It is well said that “Centaurs stand in the gates,” because things contrary to nature, if they can be produced at all, die at once.
—Maurus Servius Honoratus
Commentary on the Aeneid of Vergil
spend most of their time trotting through mythological scenery, and very rarely set hoof in the realm of observational science. Hence, given that the evidence for hybrids of this sort is both old and thin, this article will say more about human beliefs than about human hybrids. And yet, I find it interesting that many people, even well-educated ones, took centaurs seriously not so very long ago, because such a notion runs so counter to everything accepted today. Perhaps you will find it interesting, too.
Historian of biology Conway Zirkle (1941: 487) states that the existence of centaurs (human-horse hybrids) was accepted until late medieval times. He mentions the Byzantine scholar Manuel Philes (c. 1275-1345) as a proponent of this notion, and also cites the Roman Catholic saint Albertus Magnus (c. 1200-1280), quoting him as follows (De Animalibus, Bk. XXII, Tr. 2, Ch. 24):
Onos is Greek for ass, so the name onocentaur means “ass-centaur.” Vincent of Beauvais (c. 1190-1264?) in his Speculum Naturale (Vol. II, Bk. 20, Ch. 97) states that
This, incidentally, is the form (ass’s head and human body) that the bewitched Bottom takes on in A Midsummer Night’s Dream.
But in truth, belief in these creatures persisted to a much later date than Zirkle suggests. The Renaissance physician Ambroise Paré (1510-1590) seriously reported that a mare had foaled a colt at Verona which had the “well-formed head of a man, while the rest of him was a horse” (Paré 1982, p. 6). And in his encyclopedia of equine medicine (Adlersflügel 1703), the renowned equine veterinarian Georg Simon Winters von Adlersflügel speaks of this human-horse hybrid as if it were something to be believed, and he even provides a good quality illustration (see figure, above right).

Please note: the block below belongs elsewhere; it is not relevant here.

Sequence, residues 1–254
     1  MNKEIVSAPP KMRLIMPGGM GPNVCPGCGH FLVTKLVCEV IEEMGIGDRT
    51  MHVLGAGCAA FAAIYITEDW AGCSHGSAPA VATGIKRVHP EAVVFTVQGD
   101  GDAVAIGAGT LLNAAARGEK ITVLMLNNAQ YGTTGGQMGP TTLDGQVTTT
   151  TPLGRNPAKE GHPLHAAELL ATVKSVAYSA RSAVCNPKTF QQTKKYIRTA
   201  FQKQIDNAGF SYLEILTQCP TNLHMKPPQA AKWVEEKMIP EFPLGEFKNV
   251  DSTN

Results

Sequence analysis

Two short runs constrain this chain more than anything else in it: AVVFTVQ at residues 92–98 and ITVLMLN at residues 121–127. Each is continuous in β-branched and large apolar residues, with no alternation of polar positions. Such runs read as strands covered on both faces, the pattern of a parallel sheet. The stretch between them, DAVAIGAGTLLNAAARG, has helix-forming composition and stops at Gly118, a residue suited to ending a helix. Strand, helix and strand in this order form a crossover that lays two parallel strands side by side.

These later writers refer to a report that first appeared in Albertino Mussato’s history of the Holy Roman Emperor Henry VII (see Mussati 1536, p. 52). Mussato was an Italian statesman, poet, historian and playwright. His account reads as follows.
In a letter appearing in an appendix of Paul Zacchias’s Quaestiones medico-legales, the Italian physician and botanist Pietro Castelli states that in 1634 a woman in the city of Messina gave “birth to a being that looked like a donkey” (see: de Ceglia 2014).
Indeed, up until the nineteenth century the idea was widespread, even among the educated, that sexual relations between a human and an animal could result in the production of hybrid offspring. An 1827 report in a German medical journal (quoted in translation elsewhere on this website) describes a supposed human-cow hybrid. The tide of opinion seems not to have shifted against such ideas until the Victorian era. But prior to that time such claims were rife.
And, if truth be told, even in the newspapers read by those supposedly staid Victorians, such accounts were still being published. For example, the following is a transcription of an article that appeared on page 3, col. 3 of the Nashville Daily Union, Nashville, Tennessee, on Nov. 2, 1865:
We recently noted the discovery, at Nashville, Tenn., of a remarkable Lusus naturae. The monstrosity has a human head and features, while the body and legs are of the brute creation. It is called half horse and half man, and these dual characteristics are said to be singularly prominent and well defined. To what class or order of conformation does this wonder belong? With our limited knowledge of animal monstrosities, we are totally unable to assign it a connective place with any known phenomena of nature. It belongs to none of the tribes or families enumerated and discussed by the historians of teratology, but seems to be the actual representation of that species of deformity which had only a fabulous existence in and prior to the seventeenth century. In those days of superstition, the Minotaur, the centaurs, satyrs, dragons, tritus, siren, and mermaids were regarded as creatures half human half animal, but this mythological belief is no longer shared by any but the hopelessly ignorant and credulous. The astounding fact is established beyond cavil that such a freak (the unity of man and beast) does exist in the form now on exhibition at Nashville. It surely is a subject for philosophical and medical study, and we hope some of the modern Hippocrateses, Aristotles, Plinys, Galens, or St. Hilaires will investigate it for the enlightenment of our own country and the world. This great phenomenal curiosity is in the possession of Dr. L. L. Coleman, a prominent physician of Nashville. As a man of superior attainments in the sciences of anatomy and embryology, he treats it as the veritable wonder of the times. The attention of the medical world will be attracted to it and result in the most remarkable demonstration of fetal mystery.